The environmental impacts of a meat-incorporated diet include a long and well-documented list.
Fortunately a simple solution to all these problems presents itself: Veganism.
Animal agriculture is accountable for 18% of global greenhouse gas emissions. This places agriculture as one of the biggest sources of greenhouse gases, above transport. Agriculture is accountable for 75% of methane emissions (a much more harmful – though short-lived – greenhouse gas), and 64% of ammonia emissions (contributing to acid rain).
Meat production is a rather uneconomical process. Gram for gram, meat production requires 10 to 100 times as much water as crop production. In a world where 10% of the human population lacks access to clean water, and there are constantly droughts across the world, this use of water is clearly a waste.
Soil degradation occurs from farming too many animals on too little land. This causes over-grazing, where grass is eaten at high rates, and cannot maintain its own growth. As the grass decreases, so does its roots and the result is soil destabilisation. In turn, this leads to heightened soil erosion. This soil then struggles to retain water, and becomes unsuitable for growing (either more grass or other crops).
Nutrient runoff from the agriculture industry is the leading cause of waterway pollution in New Zealand. A 2009 study by the Cawthron Institute showed the Manawatu as one of the most polluted rivers in the western world; undoubtedly it is not mere coincidence that the Manawatu is also a major player in the livestock sector.
Deforestation is a major problem, both locally and internationally. As most people know, tens of thousands of hectares of the Amazon rainforest are cut down annually. Most of this is either for grazing livestock, or growing livestock food. Fonterra also imports palm kernel expeller as livestock feed. The oil palm industry is a major cause of rainforest destruction globally.
Locally; New Zealand has only a third of its original native forest remaining. Every year more and more of this is cut down to grow pasture for livestock.
Reduction in Biodiversity
Along with the loss of much of our forest, a loss in biodiversity also ensues. When a forest is lost, the countless plant species which make up the forest, as well as all the animals and insects (remember, most of these species will be native), are lost too. These are replaced with a few introduced grass species, and one or maybe 2 introduced mammals. Pastures also act as a ‘river’ between blocks of forest, and for some species can provide an insurmountable challenge to get from one block of forest to the next.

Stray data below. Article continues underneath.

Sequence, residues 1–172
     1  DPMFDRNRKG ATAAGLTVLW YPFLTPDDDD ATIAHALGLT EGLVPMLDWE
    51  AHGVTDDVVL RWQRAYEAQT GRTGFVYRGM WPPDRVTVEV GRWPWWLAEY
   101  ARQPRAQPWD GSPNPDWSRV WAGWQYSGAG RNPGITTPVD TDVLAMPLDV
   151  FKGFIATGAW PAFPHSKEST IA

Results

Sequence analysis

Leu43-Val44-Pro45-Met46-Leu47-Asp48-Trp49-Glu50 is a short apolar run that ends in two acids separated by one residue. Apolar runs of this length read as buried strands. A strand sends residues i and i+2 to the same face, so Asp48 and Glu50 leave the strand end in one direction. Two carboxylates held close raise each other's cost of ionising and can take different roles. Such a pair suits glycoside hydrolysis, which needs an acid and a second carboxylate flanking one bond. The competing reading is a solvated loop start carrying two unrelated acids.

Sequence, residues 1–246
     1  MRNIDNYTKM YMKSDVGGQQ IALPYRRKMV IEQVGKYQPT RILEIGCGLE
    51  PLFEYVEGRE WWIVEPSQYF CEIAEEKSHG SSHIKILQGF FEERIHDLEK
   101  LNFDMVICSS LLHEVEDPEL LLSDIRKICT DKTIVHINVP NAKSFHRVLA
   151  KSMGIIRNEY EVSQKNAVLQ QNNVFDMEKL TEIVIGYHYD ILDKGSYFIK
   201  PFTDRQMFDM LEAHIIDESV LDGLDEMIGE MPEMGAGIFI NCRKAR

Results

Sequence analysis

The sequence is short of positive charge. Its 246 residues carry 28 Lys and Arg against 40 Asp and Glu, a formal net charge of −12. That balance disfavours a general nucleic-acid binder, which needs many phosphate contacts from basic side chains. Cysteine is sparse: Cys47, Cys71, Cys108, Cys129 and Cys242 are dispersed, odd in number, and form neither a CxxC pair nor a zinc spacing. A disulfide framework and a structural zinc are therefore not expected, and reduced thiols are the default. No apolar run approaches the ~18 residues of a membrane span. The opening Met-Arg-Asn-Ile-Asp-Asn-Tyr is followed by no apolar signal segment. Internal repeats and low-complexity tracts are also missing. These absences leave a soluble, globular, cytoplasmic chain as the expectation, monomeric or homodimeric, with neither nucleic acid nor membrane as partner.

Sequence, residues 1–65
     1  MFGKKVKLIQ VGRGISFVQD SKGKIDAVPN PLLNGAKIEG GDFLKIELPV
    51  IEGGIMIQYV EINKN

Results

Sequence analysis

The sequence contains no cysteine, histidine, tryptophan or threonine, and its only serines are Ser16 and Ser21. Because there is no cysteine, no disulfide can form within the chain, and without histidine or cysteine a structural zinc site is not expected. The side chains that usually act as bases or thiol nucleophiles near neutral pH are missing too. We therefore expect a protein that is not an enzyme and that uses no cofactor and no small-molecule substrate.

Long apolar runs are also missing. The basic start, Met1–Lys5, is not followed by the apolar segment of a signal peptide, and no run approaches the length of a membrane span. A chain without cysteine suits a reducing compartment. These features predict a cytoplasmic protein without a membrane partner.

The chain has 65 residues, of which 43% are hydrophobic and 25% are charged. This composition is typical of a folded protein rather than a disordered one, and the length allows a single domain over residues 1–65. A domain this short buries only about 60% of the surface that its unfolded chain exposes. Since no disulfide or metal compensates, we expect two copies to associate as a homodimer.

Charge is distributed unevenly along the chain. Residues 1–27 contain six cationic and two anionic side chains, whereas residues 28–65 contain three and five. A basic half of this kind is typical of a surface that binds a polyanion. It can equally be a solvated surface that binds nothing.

Per weight, plant-based foods require much less land area and water for production. To produce the same amount of food (and profit from exports) as New Zealand currently exports would take less that a quarter of the land currently used – in a country where only a third of our native forests persist, this benefit alone should be enough motivation to embrace veganism. Decreased land use means increased land for forests, in term benefiting the native species of our country and boosting biodiversity.
Unlike animals, plants don’t emit any methane, and produce very little CO2. In fact, through photosynthesis, plants act to reduce the amount of CO2 in the atmosphere. Not only will converting to plant based agriculture stop greenhouse gas emissions, it can actively work to reverse the effects of animal agriculture.
As our planet becomes more crowded, and the species on it become more endangered, a plant based diet is the easiest and best solution to economically and sustainably feed ourselves.